UPDATE 9-Oil settles unchanged as latest storm spares U.S. energy sector


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    * U.S. CPI edged up 0.5% from last year and 0.3% from July
    * IEA sees oil demand rebounding by 1.6 million bpd in
    * China to auction 7.38 mln bbl of crude from strategic

 (New throughout, updates prices, market activity and comments
through settlement, adds BSEE data)
    By Laura Sanicola
    Sept 14 (Reuters) - Oil prices ended largely unchanged on
Tuesday as tropical storm Nicholas brought heavy rain and power
outages in Texas but caused less damage to U.S. energy
infrastructure than Hurricane Ida caused earlier this month.
    Brent crude  LCOc1  settled up 9 cents to $73.60 a barrel
after hitting a session high of $74.28. U.S. West Texas
Intermediate (WTI) crude  CLc1  settled up 1 cent, at $70.46,
after touching a high of $71.22. 
    More than 39% of the U.S. Gulf of Mexico's production of
crude and natural gas remained shut on Tuesday, the regulator
Bureau of Safety and Environmental Enforcement (BSEE)
said. urn:newsml:reuters.com:*:nL1N2QG251 Nicholas made landfall in Texas on Monday and
was to reach Louisiana on Wednesday, bringing more floods and
heavy rains to the Gulf's oil facilities. 
    "The Gulf situation is not resolving itself quickly," said
John Kilduff, partner at Again Capital LLC in New York.
    Royal Dutch Shell  RDSa.L  shut production at an offshore
oil platform due to heavy winds. Vessel traffic at some energy
hubs was halted due to difficult weather conditions.  
    "There's going to be import-export issues because Houston is
in a semi-flood zone," said Bob Yawger, director of energy
futures at Mizuho.
    Nicholas is the second major storm to threaten the U.S. Gulf
region in recent weeks, bringing heavy rains to the Deep South
and causing power outages. Still, most Texas refineries were
operating normally and Texas utilities were restoring power to
customers who suffered outages.  urn:newsml:reuters.com:*:nL1N2QF1EY
    The Colonial pipeline, the largest U.S. fuel pipeline,
partially resumed operations after shutting due to a power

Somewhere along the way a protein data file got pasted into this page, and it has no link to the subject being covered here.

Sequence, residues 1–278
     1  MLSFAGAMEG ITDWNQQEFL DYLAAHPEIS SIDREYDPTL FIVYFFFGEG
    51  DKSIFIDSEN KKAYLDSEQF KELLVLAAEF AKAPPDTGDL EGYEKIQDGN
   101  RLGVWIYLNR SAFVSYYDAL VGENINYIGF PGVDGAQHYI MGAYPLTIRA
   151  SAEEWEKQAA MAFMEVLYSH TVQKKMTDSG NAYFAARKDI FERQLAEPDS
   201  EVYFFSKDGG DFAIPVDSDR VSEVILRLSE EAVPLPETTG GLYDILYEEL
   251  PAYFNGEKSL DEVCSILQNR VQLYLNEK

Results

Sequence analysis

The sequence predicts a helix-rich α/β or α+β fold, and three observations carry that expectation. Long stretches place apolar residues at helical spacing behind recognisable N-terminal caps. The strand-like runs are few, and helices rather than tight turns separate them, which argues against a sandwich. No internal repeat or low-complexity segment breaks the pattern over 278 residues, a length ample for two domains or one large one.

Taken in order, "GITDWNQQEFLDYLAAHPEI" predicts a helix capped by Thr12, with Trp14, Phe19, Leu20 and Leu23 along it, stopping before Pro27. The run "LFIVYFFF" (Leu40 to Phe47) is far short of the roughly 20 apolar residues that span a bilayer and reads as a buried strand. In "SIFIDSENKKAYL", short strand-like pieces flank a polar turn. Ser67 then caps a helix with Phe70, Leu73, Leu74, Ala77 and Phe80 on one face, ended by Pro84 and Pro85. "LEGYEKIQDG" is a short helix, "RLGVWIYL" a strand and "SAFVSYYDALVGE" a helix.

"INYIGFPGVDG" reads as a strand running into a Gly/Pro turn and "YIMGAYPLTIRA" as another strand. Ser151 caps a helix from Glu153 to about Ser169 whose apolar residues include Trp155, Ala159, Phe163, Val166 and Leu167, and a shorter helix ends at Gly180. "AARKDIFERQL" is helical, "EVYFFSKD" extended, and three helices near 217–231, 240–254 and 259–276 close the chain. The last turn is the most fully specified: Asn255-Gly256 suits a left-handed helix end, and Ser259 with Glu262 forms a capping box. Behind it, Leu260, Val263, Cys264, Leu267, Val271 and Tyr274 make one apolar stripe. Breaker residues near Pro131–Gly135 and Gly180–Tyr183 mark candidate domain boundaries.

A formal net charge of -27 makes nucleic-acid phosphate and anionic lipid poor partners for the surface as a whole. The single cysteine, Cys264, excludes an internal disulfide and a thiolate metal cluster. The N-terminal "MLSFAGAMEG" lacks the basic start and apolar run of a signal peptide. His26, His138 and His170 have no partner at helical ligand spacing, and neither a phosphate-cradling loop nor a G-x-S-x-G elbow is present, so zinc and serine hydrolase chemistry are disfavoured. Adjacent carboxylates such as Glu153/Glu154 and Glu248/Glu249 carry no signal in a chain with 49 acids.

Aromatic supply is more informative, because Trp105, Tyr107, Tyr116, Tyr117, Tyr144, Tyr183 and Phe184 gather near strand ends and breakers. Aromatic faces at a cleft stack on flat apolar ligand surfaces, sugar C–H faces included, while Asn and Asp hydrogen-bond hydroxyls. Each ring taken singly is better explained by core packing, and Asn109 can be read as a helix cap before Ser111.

outage early in the day.
    Oil turned negative during the session after new data from
the U.S. Labor Department showed inflation cooling and as
worries receded about the storm's impact on the energy
sector. urn:newsml:reuters.com:*:nnL1N2QG130
    After three months of declining global oil demand, rollouts
of COVID-19 vaccines should rekindle appetite for oil that was
suppressed by pandemic restrictions, especially in Asia, the
International Energy Agency (IEA) said on Tuesday.  urn:newsml:reuters.com:*:nL8N2QG1FJ 
    The IEA sees a demand rebound of 1.6 million barrels per day
(bpd) in October and continued growth until the end of the year.
    Overall, the agency lowered its 2021 global oil demand
growth forecast by 105,000 bpd to 5.2 million bpd but raised its
2022 figure by 85,000 bpd to 3.2 million bpd. 
    These forecasts are below those of the Organization of the
Petroleum Exporting Countries (OPEC), which expects demand to
grow by about 5.96 million bpd this year and 4.15 million bpd
next year.  urn:newsml:reuters.com:*:nL1N2QF0WB 
    Protesters blocked an oil tanker from loading at the Libyan
terminal of Es Sider on Tuesday, the National Oil Corp's (NOC)
media office and an engineer at the port said.  urn:newsml:reuters.com:*:nL1N2QG0NI    
    Details on China's plans to sell crude from strategic
reserves pressured prices. China's state reserves administration
said it would auction about 7.4 million barrels of crude on
Sept. 24.  urn:newsml:reuters.com:*:nP8N2QA03M

Global Oil Demand Growth Forecasts    https://tmsnrt.rs/3twP7Je
 (Additional reporting by Ahmad Ghaddar in London, Yuka Obayashi
in Tokyo
Editing by Paul Simao, Mark Potter and David Gregorio)

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